Import a certificate file into a container running on Service Fabric
You can secure your container services by specifying a certificate. Service Fabric provides a mechanism for services inside a container to access a certificate that is installed on the nodes in a Windows or Linux cluster (version 5.7 or higher). The certificate must be installed in a certificate store under LocalMachine on all nodes of the cluster. The private key corresponding to the certificate must be available, accessible and - on Windows - exportable. The certificate information is provided in the application manifest under the
ContainerHostPolicies tag as the following snippet shows:
<ContainerHostPolicies CodePackageRef="NodeContainerService.Code"> <CertificateRef Name="MyCert1" X509StoreName="My" X509FindValue="[Thumbprint1]"/> <CertificateRef Name="MyCert2" X509FindValue="[Thumbprint2]"/>
For Windows clusters, when starting the application, the runtime exports each referenced certificate and its corresponding private key into a PFX file, secured with a randomly-generated password. The PFX and password files, respectively, are accessible inside the container using the following environment variables:
For Linux clusters, the certificates (PEM) are copied over from the store specified by X509StoreName onto the container. The corresponding environment variables on Linux are:
Alternatively, if you already have the certificates in the required form and want to access it inside the container, you can create a data package inside your app package and specify the following inside your application manifest:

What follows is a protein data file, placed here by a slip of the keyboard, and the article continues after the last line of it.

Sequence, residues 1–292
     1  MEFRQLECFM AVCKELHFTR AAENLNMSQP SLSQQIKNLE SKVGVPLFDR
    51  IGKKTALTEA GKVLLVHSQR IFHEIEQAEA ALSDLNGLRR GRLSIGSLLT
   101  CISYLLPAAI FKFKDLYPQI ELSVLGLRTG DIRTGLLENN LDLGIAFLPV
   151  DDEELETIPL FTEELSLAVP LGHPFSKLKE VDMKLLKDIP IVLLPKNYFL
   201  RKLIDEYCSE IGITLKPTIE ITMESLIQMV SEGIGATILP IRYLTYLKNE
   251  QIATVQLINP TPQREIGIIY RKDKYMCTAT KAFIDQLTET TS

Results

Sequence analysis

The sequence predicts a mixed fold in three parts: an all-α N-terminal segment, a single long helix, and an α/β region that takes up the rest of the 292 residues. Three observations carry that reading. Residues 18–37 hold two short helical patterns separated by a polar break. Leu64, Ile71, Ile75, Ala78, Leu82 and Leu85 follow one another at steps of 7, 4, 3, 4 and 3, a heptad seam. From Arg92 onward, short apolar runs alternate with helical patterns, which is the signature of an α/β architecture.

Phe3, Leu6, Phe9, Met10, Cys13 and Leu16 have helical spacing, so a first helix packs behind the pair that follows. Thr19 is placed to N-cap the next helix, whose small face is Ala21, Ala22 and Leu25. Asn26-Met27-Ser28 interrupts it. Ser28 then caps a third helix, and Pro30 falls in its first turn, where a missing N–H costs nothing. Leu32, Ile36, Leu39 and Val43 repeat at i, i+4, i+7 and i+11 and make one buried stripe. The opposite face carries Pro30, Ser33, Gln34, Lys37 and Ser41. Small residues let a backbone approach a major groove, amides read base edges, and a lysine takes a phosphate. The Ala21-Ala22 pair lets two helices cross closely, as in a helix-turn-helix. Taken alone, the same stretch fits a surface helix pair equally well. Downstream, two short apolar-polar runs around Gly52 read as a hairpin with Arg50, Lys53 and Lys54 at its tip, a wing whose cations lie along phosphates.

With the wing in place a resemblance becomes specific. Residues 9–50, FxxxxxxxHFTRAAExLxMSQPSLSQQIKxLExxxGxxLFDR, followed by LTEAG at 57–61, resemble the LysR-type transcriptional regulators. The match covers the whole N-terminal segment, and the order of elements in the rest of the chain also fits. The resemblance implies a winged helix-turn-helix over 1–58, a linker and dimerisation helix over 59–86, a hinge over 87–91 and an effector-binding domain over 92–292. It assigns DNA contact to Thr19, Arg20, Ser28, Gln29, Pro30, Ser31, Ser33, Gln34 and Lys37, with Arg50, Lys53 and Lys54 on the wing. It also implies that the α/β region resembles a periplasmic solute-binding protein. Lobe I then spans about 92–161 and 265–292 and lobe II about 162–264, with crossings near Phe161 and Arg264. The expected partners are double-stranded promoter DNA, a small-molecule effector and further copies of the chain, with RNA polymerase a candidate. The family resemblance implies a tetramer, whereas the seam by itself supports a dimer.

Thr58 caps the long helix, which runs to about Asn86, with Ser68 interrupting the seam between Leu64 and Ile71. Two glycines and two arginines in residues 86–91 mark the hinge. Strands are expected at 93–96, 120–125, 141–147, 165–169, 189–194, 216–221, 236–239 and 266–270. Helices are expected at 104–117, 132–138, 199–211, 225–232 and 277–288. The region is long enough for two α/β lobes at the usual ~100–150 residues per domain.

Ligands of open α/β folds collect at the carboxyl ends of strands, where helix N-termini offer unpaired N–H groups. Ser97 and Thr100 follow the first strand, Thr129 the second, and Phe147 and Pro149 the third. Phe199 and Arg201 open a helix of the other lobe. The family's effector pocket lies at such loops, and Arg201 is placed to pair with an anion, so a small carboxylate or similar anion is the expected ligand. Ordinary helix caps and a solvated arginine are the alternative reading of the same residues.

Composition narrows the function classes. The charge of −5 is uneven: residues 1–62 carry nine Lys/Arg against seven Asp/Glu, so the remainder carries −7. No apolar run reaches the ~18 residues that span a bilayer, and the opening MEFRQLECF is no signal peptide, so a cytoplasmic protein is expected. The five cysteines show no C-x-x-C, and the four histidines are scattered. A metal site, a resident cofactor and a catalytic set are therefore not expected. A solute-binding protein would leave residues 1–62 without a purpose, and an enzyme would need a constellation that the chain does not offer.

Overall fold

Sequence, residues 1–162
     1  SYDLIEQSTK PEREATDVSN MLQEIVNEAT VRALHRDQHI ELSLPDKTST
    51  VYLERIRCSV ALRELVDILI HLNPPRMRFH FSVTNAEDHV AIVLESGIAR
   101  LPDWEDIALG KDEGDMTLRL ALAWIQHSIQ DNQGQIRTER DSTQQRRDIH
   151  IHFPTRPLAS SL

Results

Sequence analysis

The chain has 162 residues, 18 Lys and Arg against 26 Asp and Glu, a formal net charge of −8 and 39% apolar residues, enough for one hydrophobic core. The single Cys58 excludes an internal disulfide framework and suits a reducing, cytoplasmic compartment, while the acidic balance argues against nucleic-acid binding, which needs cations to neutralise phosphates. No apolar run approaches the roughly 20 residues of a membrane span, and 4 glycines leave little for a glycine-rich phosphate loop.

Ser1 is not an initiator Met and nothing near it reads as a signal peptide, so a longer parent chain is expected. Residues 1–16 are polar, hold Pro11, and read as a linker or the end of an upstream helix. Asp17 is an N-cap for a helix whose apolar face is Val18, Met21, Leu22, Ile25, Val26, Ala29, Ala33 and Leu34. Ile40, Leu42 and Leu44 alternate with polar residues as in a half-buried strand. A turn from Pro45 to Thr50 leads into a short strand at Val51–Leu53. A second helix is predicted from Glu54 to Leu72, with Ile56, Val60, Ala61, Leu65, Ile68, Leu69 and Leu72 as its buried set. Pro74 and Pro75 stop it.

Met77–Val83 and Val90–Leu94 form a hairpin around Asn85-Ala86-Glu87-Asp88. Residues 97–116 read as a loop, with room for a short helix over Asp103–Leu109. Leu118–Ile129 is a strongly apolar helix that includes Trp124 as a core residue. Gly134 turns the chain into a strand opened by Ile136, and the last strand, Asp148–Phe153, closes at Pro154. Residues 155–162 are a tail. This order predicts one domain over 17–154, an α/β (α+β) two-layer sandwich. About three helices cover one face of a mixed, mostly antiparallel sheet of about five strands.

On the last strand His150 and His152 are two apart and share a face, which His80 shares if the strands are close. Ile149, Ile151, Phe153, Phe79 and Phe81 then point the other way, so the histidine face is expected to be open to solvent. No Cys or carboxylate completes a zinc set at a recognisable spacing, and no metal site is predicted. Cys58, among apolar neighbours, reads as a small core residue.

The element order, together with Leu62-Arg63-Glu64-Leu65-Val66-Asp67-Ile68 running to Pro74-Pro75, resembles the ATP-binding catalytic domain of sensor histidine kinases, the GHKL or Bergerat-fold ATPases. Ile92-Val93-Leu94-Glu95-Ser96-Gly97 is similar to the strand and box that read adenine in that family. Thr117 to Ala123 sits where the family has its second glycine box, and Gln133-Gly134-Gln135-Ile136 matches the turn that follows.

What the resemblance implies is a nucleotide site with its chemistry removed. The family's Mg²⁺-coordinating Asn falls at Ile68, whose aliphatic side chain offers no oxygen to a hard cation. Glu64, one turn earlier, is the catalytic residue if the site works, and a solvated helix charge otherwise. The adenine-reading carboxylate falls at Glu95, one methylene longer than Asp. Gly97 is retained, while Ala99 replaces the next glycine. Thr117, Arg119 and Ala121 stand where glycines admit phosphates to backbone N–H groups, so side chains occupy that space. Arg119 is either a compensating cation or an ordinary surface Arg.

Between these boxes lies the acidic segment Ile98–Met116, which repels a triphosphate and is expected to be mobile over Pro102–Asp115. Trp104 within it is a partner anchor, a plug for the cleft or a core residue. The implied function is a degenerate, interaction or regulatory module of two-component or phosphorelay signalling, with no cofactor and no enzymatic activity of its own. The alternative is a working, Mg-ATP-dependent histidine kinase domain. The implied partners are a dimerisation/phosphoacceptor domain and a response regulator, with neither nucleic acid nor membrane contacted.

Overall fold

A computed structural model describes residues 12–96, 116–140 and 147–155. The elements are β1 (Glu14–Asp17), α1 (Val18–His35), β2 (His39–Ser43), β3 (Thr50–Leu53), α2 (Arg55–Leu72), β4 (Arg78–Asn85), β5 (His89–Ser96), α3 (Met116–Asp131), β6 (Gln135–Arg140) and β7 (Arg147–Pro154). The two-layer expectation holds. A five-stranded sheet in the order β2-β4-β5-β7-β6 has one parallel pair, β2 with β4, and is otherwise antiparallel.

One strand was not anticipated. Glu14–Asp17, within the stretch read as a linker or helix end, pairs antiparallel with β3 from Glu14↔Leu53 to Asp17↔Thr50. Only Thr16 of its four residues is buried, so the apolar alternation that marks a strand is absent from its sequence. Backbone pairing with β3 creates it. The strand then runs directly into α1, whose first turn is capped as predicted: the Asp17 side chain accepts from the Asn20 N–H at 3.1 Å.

<ContainerHostPolicies CodePackageRef="NodeContainerService.Code"> <CertificateRef Name="MyCert1" DataPackageRef="[DataPackageName]" DataPackageVersion="[Version]" RelativePath="[Relative Path to certificate inside DataPackage]" Password="[password]" IsPasswordEncrypted="[true/false]"/>
The container service or process is responsible for importing the certificate files into the container. To import the certificate, you can use
setupentrypoint.sh scripts or execute custom code within the container process. Here is sample code in C# for importing the PFX file:
string certificateFilePath = Environment.GetEnvironmentVariable("Certificates_MyServicePackage_NodeContainerService.Code_MyCert1_PFX"); string passwordFilePath = Environment.GetEnvironmentVariable("Certificates_MyServicePackage_NodeContainerService.Code_MyCert1_Password"); X509Store store = new X509Store(StoreName.My, StoreLocation.CurrentUser); string password = File.ReadAllLines(passwordFilePath, Encoding.Default); password = password.Replace("\0", string.Empty); X509Certificate2 cert = new X509Certificate2(certificateFilePath, password, X509KeyStorageFlags.MachineKeySet | X509KeyStorageFlags.PersistKeySet); store.Open(OpenFlags.ReadWrite); store.Add(cert); store.Close();
This PFX certificate can be used for authenticating the application or service or secure communication with other services. By default, the files are ACLed only to SYSTEM. You can ACL it to other accounts as required by the service.
As a next step, read the following articles:
We'd love to hear your thoughts. Choose the type you'd like to provide:
Our feedback system is built on GitHub Issues. Read more on our blog.